Striking a far more conciliatory tone, the Tisbury selectmen stood their ground this week in opposing a set of proposed Steamship Authority schedule changes for next year, also calling on boat line leaders to play a role in creating a better traffic layout at the Vineyard Haven terminal.
The selectmen expressed their concerns at a meeting with SSA senior management last Friday afternoon at the Vineyard Haven terminal, and repeated them again at their board meeting on Tuesday night. Both times the selectmen urged the SSA to leave one of three ferry trips proposed to be switched from Vineyard Haven to Oak Bluffs, and they again questioned the job performance of Vineyard SSA governor Marc Hanover.
All of this comes one week before the SSA board of governors is scheduled to vote on the schedule changes as well as proposed fare increases at its October meeting on the Vineyard. The meeting will be held at 9:30 a.m. Thursday morning at the Katharine Cornell Theatre in Vineyard Haven.
Boat line governors are scheduled to meet in Hyannis today for a working session to discuss how to allocate fare increases for the coming year.
After weeks of sharp words between the selectmen and Mr. Hanover over their decision to not use money from the ferry embarkation fee to pay for traffic control at the Vineyard Haven terminal, selectmen met face to face with SSA general manager Wayne Lamson on Friday afternoon. However, discussion of the embarkation fee money was intentionally left off the agenda. Instead, Mr. Lamson said he was there to talk about the proposed scheduling changes, along with what could be done to improve traffic flow around the terminal.
Mr. Hanover did not attend the meeting.
The selectmen appealed to Mr. Lamson to reconsider proposed changes to next year's schedule. Boat line management, in an effort to ease the impact of traffic that pours into the Vineyard Haven terminal, has recommended sending three ferries into Oak Bluffs that currently sail into Vineyard Haven - two of them freight boats.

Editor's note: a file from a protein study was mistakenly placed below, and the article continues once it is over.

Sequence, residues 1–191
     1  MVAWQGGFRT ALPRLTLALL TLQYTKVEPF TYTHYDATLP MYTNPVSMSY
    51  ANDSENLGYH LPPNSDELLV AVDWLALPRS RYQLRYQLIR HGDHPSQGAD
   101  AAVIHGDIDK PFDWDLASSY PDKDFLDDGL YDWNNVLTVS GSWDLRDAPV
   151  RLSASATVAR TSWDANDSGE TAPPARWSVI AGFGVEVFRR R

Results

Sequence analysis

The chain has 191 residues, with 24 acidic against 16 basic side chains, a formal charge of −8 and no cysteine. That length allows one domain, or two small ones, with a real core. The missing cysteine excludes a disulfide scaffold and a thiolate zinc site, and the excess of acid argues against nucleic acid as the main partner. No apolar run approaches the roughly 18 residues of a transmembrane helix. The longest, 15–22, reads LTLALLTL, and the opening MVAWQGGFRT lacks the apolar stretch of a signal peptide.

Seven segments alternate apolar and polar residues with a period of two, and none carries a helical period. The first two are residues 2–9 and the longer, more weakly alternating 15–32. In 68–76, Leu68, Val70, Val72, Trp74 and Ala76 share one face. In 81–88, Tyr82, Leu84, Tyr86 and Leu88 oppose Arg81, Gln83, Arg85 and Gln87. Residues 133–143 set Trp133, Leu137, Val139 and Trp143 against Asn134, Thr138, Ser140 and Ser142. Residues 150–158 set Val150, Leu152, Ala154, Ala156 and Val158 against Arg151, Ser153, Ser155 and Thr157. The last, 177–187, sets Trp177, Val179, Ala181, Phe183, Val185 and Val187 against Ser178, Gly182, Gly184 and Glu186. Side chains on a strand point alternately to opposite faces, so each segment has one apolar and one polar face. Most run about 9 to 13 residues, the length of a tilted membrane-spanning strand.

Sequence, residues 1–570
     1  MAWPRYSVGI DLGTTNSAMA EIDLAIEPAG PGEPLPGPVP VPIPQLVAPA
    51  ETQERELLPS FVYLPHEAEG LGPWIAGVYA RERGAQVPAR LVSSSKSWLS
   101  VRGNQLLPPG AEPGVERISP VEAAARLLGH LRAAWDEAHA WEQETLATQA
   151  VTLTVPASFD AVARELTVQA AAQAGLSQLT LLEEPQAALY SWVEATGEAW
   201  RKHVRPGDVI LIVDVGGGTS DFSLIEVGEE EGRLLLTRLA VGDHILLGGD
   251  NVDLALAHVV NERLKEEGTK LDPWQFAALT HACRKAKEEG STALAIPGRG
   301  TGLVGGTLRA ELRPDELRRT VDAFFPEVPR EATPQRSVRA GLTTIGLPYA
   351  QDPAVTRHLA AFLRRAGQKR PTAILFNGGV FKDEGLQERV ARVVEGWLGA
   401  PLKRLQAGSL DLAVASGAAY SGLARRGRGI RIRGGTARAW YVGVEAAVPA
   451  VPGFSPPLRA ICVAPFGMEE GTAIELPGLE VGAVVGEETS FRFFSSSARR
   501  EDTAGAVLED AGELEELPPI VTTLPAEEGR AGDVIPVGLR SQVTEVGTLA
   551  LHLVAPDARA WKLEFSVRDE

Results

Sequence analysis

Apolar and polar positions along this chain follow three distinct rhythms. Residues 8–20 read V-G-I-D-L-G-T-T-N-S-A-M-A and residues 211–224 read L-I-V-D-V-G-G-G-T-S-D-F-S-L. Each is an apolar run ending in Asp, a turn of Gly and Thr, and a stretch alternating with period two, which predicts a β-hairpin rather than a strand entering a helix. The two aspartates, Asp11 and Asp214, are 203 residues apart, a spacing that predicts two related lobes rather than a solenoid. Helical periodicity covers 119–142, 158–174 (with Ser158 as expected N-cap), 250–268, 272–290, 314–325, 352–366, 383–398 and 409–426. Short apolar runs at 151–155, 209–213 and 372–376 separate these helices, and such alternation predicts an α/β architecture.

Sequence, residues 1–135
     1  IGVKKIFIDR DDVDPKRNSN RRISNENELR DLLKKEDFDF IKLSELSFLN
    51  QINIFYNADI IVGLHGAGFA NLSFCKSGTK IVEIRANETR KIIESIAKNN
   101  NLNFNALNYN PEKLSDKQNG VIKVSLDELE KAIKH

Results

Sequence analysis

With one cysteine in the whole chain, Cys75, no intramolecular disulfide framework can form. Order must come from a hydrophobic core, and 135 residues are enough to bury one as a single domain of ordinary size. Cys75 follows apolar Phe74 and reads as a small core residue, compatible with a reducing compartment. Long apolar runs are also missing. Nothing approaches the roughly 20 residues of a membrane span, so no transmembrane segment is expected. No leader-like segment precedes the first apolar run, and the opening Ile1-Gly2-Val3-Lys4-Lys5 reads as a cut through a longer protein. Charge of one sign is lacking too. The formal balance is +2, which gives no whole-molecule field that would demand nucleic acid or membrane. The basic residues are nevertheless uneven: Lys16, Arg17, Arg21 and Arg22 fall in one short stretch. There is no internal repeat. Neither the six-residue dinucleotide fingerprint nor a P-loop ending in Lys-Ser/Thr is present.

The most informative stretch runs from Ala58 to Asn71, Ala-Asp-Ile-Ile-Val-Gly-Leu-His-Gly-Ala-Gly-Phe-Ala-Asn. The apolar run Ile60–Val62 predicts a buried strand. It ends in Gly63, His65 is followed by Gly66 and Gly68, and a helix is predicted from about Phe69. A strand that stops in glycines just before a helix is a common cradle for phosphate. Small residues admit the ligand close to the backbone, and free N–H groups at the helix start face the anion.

Speaking partly on behalf of Vineyard Haven business owners, selectmen told Mr. Lamson they would prefer to keep the 7:30 p.m. boat coming into Vineyard Haven and trade it for another freight boat that arrives 15 minutes later.
Two weeks ago, Vineyard Haven business owners circulated a flyer protesting the schedule changes, saying the loss of the 7:30 p.m. ferry would hurt Main street businesses. Selectmen also originally reacted angrily to the proposal, and suggested favoritism as a motivating factor in Mr. Hanover's suggestion to move the boats to Oak Bluffs. Mr. Hanover owns a business on Circuit avenue.
"That is the trip that outraged us," said selectman and board chairman Ray LaPorte. "It has been talked about a lot in town."
But Mr. Lamson said sending the 7:45 p.m. freight boat to Oak Bluffs instead of Vineyard Haven was unlikely because SSA policy does not allow the last boat leaving Oak Bluffs to be a freight boat. Despite the selectmen's protests, Mr. Lamson made no indication that the SSA would agree to the switch.
The layout of the terminal in Vineyard Haven was also a point of discussion, including potential ways to make the loading and unloading of boats a more efficient operation.
Henry Stevenson, a member of the Tisbury planning board, brought several plans with him that outlined possible changes to the terminal's parking and staging lots.
Mr. Lamson said the town could expect changes in the current layout of the parking and staging areas. He also said the SSA would participate in a traffic planning study that will be administered in part by the Martha's Vineyard Commission.
All who attended the meeting agreed that traffic is a regional problem.
"Twenty-five years ago traffic was half of what it is now," Mr. LaPorte said. "What is the next 25 years going to be like?"
On Tuesday, selectman Tristan Israel said the Friday meeting had been positive, and he reiterated his view that there needs to be better communication between the town and the boat line.
"I think it's important for the SSA to come to us and get our input," Mr. Israel said. "And I think we need to move forward and not look behind."